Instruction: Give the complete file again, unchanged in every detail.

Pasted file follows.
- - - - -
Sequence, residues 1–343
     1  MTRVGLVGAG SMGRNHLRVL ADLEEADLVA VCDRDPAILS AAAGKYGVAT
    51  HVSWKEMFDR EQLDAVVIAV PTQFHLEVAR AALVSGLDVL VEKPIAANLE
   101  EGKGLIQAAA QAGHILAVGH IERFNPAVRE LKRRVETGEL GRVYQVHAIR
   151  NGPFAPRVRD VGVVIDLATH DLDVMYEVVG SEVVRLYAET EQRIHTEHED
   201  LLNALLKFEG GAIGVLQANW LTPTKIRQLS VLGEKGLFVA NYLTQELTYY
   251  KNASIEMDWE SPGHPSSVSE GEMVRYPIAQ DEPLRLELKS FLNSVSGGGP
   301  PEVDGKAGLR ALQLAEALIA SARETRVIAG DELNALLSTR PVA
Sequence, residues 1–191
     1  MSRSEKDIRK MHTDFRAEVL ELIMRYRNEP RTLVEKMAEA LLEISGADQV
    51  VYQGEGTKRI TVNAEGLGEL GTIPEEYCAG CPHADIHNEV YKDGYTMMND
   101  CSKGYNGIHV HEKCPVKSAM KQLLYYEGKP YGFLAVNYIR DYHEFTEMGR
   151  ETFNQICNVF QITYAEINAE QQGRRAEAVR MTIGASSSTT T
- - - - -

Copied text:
Sequence, residues 1–343
     1  MTRVGLVGAG SMGRNHLRVL ADLEEADLVA VCDRDPAILS AAAGKYGVAT
    51  HVSWKEMFDR EQLDAVVIAV PTQFHLEVAR AALVSGLDVL VEKPIAANLE
   101  EGKGLIQAAA QAGHILAVGH IERFNPAVRE LKRRVETGEL GRVYQVHAIR
   151  NGPFAPRVRD VGVVIDLATH DLDVMYEVVG SEVVRLYAET EQRIHTEHED
   201  LLNALLKFEG GAIGVLQANW LTPTKIRQLS VLGEKGLFVA NYLTQELTYY
   251  KNASIEMDWE SPGHPSSVSE GEMVRYPIAQ DEPLRLELKS FLNSVSGGGP
   301  PEVDGKAGLR ALQLAEALIA SARETRVIAG DELNALLSTR PVA
Sequence, residues 1–191
     1  MSRSEKDIRK MHTDFRAEVL ELIMRYRNEP RTLVEKMAEA LLEISGADQV
    51  VYQGEGTKRI TVNAEGLGEL GTIPEEYCAG CPHADIHNEV YKDGYTMMND
   101  CSKGYNGIHV HEKCPVKSAM KQLLYYEGKP YGFLAVNYIR DYHEFTEMGR
   151  ETFNQICNVF QITYAEINAE QQGRRAEAVR MTIGASSSTT T